Well the long expected correction of zombie abstractionist artists has begun
(other young artists with absurdly high prices too). Dont get me wrong, there's nothing absurd about a young artist making 25-65k on a painting after only a few shows but it should be rare and by 2014 many zonie abstractionist works were going for 500k+. Only a carefully orchestrated economy produces that effect.
I can see 1-3 very special even "exceptional" artists being "worth it", sure that's fine but a hoard of artists pulling down over 100k per painting after only a few shows and a short career... that smells funny. Also, artists who stack some junk on top of other junk with some pastel colors + foam or lumpy clay pots are not any better and art schools are pumping them out in droves (I call it hoarder art and Robert Rauschenberg
pioneered The Combine before most of these artists were born). A few months ago this story on the Lisa Cooley Gallery seemed to say it all
. Now I'm not applauding any closures or corrections... the Art Life is difficult, even for people whose lives are comparatively easy but when art is treated like an asset class it skews what is created and why. It seems the world has lot of very complicated problems and opportunities to tackle... so we shouldn't be awash in uncomplicated art that is easy on the culture that creates it, but we are. Does that invalidate abstraction? ...of course not (the most simple paintings can complicate any viewer's understanding but why buy some kid out of art school when you can buy a dozen very good Mary Henry works
for half as much? The issue is one of scale and depth of understanding and it takes that to have mid level galleries that sell art between $2000-$25000. Most of the greatest works of art were bought in that range initially. Hopefully a return to some connoisseurship will result from this contraction. Of course, the most important, already historically "vetted" art wont be affected by this, which should make the best Gen-X and Millennial artists ask more difficult questions of the art world. I hoping the most sought after art becomes more like wild caught salmon rather than the farmed stuff I've noticed a lot of lately.
On a related note Jim Behrle thinks the art world is trolling you
with art that isnt as radical as it presents itself to be. Well, sorta... institutionally things have gotten very tame in the past 15-20 years with curatorial power being ceded to the director's chair. Directors answer to the #'s ultimately (someone has to, and it is important)... so the art at institutions often chases its audience and its why Gen X and Millennials are less interested in museums than the baby boomers (who themselves were less involved than their parents). The short term solution of course is to take on an educational role but that can become a slippy slope without the integrity of connoisseurship, a practice which polices things against becoming too easy and predictable and creates better patrons. Curators used to be intellectual interlocutors somewhere between artists and the directors/patrons but its being lost. For example, Great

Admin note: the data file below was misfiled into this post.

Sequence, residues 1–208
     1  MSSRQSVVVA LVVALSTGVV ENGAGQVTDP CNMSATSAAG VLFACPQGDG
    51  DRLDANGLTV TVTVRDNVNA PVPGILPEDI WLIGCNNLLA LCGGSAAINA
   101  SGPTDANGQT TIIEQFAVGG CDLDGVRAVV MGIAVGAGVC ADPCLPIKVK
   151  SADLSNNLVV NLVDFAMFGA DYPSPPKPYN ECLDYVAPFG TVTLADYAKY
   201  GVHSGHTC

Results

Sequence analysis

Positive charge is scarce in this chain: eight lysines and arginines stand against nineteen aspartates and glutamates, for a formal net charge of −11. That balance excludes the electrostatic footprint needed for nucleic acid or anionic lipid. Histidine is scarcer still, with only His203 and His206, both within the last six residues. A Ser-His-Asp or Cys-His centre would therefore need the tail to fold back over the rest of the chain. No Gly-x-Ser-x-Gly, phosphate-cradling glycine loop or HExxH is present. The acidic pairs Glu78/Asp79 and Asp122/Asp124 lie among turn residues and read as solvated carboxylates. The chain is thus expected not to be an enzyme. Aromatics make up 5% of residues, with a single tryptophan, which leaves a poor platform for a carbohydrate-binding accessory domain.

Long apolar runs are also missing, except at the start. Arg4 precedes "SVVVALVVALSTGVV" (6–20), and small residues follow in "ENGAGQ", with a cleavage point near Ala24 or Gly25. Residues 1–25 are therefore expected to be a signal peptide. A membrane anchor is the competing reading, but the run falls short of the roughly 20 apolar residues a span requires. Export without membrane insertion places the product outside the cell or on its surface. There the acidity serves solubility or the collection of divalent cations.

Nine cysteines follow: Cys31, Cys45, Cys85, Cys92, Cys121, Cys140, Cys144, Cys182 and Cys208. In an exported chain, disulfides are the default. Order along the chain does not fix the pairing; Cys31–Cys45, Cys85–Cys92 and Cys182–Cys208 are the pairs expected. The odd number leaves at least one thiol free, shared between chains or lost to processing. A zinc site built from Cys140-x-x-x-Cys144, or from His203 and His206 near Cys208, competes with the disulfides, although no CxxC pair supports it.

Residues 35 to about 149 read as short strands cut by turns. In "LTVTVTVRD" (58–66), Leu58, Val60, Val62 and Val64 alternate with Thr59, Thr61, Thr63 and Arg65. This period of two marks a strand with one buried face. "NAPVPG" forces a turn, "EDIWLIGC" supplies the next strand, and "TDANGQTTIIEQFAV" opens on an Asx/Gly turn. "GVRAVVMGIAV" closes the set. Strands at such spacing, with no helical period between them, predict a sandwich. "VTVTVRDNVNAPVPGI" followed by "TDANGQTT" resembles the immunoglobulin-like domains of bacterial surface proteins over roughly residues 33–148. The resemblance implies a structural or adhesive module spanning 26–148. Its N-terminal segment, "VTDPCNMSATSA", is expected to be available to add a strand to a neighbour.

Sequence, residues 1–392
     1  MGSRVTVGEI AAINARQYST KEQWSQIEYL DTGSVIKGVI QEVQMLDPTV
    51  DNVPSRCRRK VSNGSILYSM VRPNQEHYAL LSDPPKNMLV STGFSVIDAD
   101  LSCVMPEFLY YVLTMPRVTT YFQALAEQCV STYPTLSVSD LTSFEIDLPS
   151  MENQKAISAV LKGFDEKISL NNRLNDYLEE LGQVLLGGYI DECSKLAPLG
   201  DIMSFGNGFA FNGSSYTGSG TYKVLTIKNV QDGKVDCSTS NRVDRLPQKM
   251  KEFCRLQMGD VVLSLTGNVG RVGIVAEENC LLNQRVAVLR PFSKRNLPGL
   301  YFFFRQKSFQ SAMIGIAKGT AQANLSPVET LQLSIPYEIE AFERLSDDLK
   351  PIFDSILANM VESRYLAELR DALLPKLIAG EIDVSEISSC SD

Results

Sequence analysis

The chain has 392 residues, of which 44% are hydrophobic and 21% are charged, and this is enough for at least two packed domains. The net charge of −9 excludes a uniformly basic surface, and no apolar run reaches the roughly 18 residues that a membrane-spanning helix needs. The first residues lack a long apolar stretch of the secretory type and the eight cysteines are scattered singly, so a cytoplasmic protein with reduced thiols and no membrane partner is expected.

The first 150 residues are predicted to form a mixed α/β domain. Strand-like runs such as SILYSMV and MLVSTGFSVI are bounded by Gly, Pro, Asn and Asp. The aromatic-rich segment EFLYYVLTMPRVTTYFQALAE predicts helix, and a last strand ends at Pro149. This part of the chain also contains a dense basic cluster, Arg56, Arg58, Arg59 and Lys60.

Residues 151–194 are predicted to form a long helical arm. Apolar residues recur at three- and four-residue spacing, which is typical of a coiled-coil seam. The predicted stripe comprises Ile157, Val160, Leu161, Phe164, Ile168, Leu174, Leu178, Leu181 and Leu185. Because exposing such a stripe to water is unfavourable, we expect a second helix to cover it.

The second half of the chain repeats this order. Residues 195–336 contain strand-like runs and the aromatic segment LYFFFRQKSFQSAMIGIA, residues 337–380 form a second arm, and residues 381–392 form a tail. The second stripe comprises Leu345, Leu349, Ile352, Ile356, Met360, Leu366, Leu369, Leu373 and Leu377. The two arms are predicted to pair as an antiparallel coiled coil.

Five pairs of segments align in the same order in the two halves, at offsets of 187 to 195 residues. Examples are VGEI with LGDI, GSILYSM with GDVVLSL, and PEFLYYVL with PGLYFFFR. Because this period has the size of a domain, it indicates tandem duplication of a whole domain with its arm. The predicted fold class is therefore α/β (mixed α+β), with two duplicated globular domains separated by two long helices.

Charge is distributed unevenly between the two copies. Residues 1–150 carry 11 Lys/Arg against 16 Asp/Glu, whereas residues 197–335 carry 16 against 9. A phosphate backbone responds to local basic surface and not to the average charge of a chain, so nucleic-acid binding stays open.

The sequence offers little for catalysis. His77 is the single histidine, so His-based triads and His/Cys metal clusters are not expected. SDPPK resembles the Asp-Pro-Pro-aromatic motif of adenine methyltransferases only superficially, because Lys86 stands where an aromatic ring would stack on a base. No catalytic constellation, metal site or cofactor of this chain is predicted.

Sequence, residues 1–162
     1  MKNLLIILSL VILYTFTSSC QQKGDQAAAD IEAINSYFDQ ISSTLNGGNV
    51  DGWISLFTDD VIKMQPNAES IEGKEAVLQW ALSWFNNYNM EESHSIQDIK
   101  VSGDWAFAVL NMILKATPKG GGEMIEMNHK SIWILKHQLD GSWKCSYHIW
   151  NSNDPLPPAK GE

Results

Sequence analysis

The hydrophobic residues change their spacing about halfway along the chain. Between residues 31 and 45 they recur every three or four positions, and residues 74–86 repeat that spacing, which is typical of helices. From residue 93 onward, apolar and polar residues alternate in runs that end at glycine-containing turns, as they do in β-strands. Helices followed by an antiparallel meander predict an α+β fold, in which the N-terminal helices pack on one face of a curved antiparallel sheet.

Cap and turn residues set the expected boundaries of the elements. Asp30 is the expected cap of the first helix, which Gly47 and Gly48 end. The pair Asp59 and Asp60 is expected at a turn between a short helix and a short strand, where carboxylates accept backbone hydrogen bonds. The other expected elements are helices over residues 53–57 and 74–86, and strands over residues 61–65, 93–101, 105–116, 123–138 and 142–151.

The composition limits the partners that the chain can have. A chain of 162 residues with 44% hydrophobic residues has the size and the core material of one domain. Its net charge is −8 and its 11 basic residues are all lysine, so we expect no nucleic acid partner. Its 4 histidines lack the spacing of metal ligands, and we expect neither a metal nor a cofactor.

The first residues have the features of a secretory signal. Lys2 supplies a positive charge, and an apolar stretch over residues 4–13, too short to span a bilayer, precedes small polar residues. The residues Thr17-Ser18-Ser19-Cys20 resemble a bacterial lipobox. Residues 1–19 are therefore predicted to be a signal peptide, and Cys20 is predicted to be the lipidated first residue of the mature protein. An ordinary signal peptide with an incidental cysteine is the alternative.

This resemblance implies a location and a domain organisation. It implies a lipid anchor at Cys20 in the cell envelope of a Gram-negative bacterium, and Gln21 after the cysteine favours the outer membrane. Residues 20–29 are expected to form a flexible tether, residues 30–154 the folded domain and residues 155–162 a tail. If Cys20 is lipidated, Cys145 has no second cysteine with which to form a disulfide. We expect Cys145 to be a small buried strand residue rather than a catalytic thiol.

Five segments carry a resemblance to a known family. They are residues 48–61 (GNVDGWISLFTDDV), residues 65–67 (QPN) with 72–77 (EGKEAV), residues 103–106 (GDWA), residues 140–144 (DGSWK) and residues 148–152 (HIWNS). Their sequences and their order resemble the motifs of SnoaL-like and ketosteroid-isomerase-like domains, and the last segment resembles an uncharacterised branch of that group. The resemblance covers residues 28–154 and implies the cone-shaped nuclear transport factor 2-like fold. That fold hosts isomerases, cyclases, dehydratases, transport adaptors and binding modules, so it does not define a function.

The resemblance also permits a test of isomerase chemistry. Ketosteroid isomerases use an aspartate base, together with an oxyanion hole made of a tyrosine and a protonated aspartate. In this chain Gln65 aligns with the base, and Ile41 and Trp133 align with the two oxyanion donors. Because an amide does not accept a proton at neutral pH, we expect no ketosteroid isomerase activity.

curators like Robert Storr and Paul Schimmel have been pushed away from museums. Some directors do have curatorial chops but it is also telling how many college galleries are now run by "directors" rather than "curators" now. I'll revisit this topic in a longer piece soon.
Jerry Saltz is right about art history
, it has a problem of adumbration but you still have a few days to catch "The Keeper" at the New Museum. Generally their shows are a bit light on content (see post above) but I applaud the curatorial choices here... they took risks rather than chase audiences. Maybe its because Im a capital "H" Historian and we tend to see art history in institutions as a sanitized and adumbrated.
More locally, the creepy and somewhat bad Vera Katz sculpture was vandalized with a swastika
. Not surprising with the presidential election kicking up a lot of hate. Perhaps people will start taking the roots of this sort of behavior more seriously again? Time and again human history has ebbed between terrible events and eras of peace only to forget what had happened. Sadly, reminders only work when heeded.
Despite our massive housing shortage and homeless innundation Portland makes Metropolis' top 10 cities to live in list
and we are the only US city. The thing is Portland is pressuring the artists and eccentrics that give it its character. It is a moral test of the city's character... instead of taking the arts for granted we need to build artist pockets into new development. Once again, instead of just any
art doing the job we need to start rewarding art for the caliber and challenge their presence gives the city on a civic level
. Our awards... rather than celebrate well worn stereotypes (intellectual fallacies like craft = only handmade or celebrating soft or non-threating artists that don't rock the boat) should reward the artists that make difficult work (often times doing well outside of Portland but too edgy for our institutions. I'll have more on our institutional organs needing to find the edge I see in Portland studios and on display in other more challenging institutions outside of Oregon.